I arrived at the designated testing location exactly 30 minutes prior to testing appointment as instructed.
Designated testing location…
Hahahahaha! When I saw that the address of the testing center was about a block away from my gym, I thought that was a good omen. Then the test date was Friday the 13th. Also a good sign if you think 13 is a lucky number. And now I find out it’s at a flight school?? How cool is that? Maybe I’ll be there again sometime because becoming a pilot is also on my bucket list. My dad had a small plane similar to the one in this picture. I have very few positive memories of time spent with my dad, but there is that one afternoon when I was about 8 or 9 years old when he took me up for a flight – just me. I remember that as he turned the plane towards the right, my face was jammed up against the window looking down on the city. I should have been scared, but I was exhilarated. I loved it. I’ve wanted to be a pilot ever since that day.
I was led into a very small room that had three computers. It had a big interior window so that I could be supervised by the secretary on the other side of that wall. I had two hours to complete the exam. 120 questions. Some of the questions were similar to the practice materials, but most were different. Got past the first few OK, but then things got tricky. To make it more challenging, there was a lot of noise coming from the flight school office. Mostly the secretary talking too loud. My anxiety rose. But then I realized I was alone, so I read the questions out loud. I’m sure I looked like a fool talking to myself, but I didn’t care. Out of the 120 questions, there were about 25 I could not answer on the first read. On the second read, I figured out or made educated guesses for most. The last 5 – no clue. Went through the entire test for a third time. Changed a couple answers – usually not a smart move, but I was distracted a few times by the talking and the airplane engines, so I did catch one very stupid answer that I misread the first time through.
I used 1 hour and 27 minutes. “Are you sure you want to end the test now? You have 33 minutes left.” Thanks a lot evil testing program. Yes. I’m pretty sure that a 4th read on some of these questions will only make me change correct answers.
I had to wait about 5 minutes while the secretary logged in to get the results. She told me that they would only tell me today if I passed or failed. A score report will be mailed.
Waiting… I honestly had no idea how I did. I knew I didn’t fail horribly, but I doubted that I got the 70% I needed.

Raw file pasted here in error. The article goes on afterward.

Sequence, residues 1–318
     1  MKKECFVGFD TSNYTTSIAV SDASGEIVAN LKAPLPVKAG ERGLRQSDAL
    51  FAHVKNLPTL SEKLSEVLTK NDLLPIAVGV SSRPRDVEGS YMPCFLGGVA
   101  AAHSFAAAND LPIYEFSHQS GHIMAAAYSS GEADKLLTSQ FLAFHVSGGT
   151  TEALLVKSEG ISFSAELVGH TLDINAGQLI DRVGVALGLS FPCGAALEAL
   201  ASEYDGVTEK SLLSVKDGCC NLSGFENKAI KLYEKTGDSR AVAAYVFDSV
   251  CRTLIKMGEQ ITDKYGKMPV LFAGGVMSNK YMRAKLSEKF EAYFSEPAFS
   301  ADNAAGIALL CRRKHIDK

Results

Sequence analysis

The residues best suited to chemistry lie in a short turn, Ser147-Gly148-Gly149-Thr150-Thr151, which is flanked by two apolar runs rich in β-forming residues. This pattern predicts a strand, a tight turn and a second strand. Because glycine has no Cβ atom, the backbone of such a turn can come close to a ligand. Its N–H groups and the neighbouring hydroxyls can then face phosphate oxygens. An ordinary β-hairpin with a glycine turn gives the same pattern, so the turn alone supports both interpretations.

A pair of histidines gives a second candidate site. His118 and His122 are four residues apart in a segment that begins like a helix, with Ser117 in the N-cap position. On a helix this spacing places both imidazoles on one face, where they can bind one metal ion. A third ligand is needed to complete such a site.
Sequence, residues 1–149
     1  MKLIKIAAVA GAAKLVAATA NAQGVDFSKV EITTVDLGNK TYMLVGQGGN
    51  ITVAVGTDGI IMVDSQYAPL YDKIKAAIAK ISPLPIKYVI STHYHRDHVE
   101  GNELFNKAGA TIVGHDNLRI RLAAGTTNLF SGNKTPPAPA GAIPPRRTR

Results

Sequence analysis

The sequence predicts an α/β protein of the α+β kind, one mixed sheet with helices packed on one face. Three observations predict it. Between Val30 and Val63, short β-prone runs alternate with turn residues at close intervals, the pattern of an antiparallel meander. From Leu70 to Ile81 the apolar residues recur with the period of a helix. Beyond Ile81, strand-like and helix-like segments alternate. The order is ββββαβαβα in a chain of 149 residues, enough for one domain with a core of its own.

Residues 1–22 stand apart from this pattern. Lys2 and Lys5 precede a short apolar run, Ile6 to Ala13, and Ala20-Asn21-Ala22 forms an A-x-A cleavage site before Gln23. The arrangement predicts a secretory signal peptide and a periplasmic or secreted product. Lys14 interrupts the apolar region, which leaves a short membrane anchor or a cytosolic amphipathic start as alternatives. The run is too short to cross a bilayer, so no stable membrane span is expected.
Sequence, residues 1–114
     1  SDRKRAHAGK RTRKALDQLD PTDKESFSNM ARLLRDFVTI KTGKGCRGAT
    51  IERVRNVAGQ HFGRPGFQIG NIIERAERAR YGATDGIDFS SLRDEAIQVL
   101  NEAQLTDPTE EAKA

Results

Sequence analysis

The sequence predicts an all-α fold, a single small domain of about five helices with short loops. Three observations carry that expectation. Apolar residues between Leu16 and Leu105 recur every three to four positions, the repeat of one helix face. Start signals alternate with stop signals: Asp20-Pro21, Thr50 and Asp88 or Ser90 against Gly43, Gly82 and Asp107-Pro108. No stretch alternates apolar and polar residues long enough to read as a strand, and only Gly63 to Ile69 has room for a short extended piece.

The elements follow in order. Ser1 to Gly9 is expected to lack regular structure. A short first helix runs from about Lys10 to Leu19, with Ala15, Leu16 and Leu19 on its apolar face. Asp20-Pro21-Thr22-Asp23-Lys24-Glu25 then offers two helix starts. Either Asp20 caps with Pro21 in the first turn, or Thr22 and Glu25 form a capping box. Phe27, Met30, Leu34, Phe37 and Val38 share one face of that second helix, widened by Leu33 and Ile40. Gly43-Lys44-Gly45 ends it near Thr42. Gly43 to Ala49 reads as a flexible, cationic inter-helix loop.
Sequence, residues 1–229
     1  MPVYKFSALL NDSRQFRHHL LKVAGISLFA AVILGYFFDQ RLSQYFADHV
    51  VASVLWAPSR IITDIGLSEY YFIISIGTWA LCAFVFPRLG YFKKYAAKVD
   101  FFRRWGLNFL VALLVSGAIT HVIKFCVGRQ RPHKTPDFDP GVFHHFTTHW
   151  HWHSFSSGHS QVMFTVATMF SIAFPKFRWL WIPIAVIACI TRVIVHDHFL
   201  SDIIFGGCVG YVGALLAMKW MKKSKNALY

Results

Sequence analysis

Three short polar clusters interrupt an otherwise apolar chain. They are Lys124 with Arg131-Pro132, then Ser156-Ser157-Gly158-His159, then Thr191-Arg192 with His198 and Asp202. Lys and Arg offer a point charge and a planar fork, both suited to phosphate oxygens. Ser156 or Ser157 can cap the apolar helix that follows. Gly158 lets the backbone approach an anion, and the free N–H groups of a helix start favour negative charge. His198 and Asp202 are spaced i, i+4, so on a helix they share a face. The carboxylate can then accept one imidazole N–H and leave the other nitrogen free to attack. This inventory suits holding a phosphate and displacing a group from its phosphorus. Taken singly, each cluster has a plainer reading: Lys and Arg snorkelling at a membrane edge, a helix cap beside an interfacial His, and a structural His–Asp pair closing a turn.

Yup. I’m sure. I’m now a certified personal trainer. Well, I’m certified anyway. No experience, so it doesn’t seem right to say I’m a trainer.
But I’m happy. Very happy.
Six months ago, I had an inspired thought and acted on it.
“Become your own trainer.”
I trust the process I just finished. Now when I research and read a million different opinions about training and nutrition, I have a solid foundation from which to act or not act.
I don’t know exactly what will happen next. First thing I need to do is to gather up my calculus sheep and put some tough love on them to get them ready for their really hard scary test on May 9th. I’ve got a couple of friends who have agreed to be my guinea pigs. I think I will play “trainer/client” for real with them now. But first and foremost, there are some things I need to do at home.
I’m very relieved. Two big goals for 2012 and the first one can be checked off as DONE. Sweet.
To be completely honest (and that’s how I roll in this blog), I’m pleased to have a little vindication. Got burned by a couple of fitness professionals. Just business, I was told. My textbook says that the main purpose of a business is “to create and keep a customer”. I like that. That’s good business. I’m happy that I can start working as a trainer while I still my teaching job. I can concentrate on being a good trainer to just a few clients at a time and let the business build slowly. I have a good idea about the kind of trainer I will be. I have a lot of faults. I am not always diplomatic. But I assume I’ll train like I teach. Tough love. Be honest and direct, but stay focused on the problem. I’m not afraid of a hard conversation. I’ve had plenty as a teacher of teenagers who screw up from time to time. Sixteen years of parent conferences – be up front, be clear, be nice. Always, always, ALWAYS come from a place of love. I learned this week that 7% of our communication comes from our words, 38% from our tone of voice, and 55% from our body language. I usually choose the wrong words. (That’s why I prefer conversations to emails when something important needs to be discussed.) But I’ve learned to keep LOVE as my foundation so the other 93% of what I’m communicating will come through loud and clear.